AIDS is no longer a threat to public health in Australia and has transitioned to an HIV prevention challenge, leading scientists have declared.
HIV and AIDS organisations and researchers have called on the nation to work together to end HIV as they celebrate the “extraordinary progress” in eliminating AIDS as a threat to public health.
The number of people dying from AIDS has reduced from 1000 per year in the peak of the epidemic in the early 1990s to a figure so low, it is not even recorded.
“The AIDS public health threat has morphed into an HIV prevention challenge,” said Professor Andrew Grulich, head of the HIV Epidemiology and Prevention Program at the Kirby Institute, Australia’s peak HIV research body.
Australian Federation of AIDS Organisations CEO Darryl O’Donnell told BuzzFeed News the condition people have “so long feared” is no longer seen in Australia in the way it is remembered from the ’80s and ’90s.
“People diagnosed with HIV can live a full and healthy life, with a normal life expectancy,” he said. “HIV is still an incredibly serious illness, and there’s no easy road for it. But it is not a death sentence.”
HIV is a chronic but manageable virus that attacks the immune system, while AIDS is a condition that can follow on from untreated HIV.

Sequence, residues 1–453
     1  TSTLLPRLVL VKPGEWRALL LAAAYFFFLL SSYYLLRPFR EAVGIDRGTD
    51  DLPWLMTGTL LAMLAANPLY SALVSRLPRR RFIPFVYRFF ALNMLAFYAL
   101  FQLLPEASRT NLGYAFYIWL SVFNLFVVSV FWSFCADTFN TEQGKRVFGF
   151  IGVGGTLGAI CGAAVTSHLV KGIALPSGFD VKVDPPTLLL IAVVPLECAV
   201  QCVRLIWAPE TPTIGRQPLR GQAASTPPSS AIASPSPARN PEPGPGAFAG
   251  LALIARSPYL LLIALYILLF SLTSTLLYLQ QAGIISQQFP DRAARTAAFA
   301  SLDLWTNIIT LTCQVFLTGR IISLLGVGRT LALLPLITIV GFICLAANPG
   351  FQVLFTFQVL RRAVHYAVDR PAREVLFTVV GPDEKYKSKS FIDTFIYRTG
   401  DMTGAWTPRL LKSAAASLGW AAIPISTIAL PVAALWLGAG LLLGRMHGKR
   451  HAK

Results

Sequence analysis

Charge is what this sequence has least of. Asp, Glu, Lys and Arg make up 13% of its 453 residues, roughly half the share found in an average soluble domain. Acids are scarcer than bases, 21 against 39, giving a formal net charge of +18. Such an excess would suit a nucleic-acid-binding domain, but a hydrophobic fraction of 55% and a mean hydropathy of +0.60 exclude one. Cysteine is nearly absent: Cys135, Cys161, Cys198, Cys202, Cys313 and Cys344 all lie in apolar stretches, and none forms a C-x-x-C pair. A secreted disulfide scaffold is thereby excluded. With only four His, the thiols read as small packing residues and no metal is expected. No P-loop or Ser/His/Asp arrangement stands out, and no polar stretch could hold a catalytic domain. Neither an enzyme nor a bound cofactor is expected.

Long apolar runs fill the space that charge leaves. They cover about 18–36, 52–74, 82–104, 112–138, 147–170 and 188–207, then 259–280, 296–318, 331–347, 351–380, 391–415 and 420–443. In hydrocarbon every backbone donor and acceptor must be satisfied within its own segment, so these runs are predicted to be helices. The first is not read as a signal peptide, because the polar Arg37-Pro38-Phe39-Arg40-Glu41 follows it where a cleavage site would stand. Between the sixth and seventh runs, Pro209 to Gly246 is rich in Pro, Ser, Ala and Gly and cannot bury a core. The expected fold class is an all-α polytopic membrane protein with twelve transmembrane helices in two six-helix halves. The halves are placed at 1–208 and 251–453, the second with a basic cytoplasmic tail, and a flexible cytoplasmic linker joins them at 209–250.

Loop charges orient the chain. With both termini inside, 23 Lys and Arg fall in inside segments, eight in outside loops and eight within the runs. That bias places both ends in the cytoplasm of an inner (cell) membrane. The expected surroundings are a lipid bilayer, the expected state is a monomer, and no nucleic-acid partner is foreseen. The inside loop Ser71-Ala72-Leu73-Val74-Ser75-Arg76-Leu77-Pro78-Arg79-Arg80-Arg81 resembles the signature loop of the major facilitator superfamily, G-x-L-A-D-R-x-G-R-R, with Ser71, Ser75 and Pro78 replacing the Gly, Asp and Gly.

There are 1100 new diagnoses of HIV in Australia each year.
O’Donnell acknowledged that some may see this announcement as fuelling complacency over HIV, but “the alternative is much worse”.
“The alternative is that a large number of people continue to hold on to outdated understandings of HIV and AIDS. It brings a lot of stigma, a lot of shame. It’s not like that now,” he said.
“We’re very comfortable with the community updating the public of where HIV and AIDS are up to in Australia.”
Highly effective HIV drug Truvada was recently approved for use as a prevention method in Australia, but is yet to be added to the Pharmaceutical Benefits Scheme, which would make it much more affordable.
The PBS Advisory Committee met last week to consider the application from Gilead, the producer of Truvada.
O’Donnell said the outcome of the discussions should be known in the second half of August.
Cipri Martinez, President of the National Association of People Living with HIV Australia, said “the virtual elimination of AIDS cases in Australia is an important milestone, but a crucial element to ending HIV in Australia is to encourage the uptake of antiretroviral medicine so that HIV positive people can become undetectable and uninfectious to others.”
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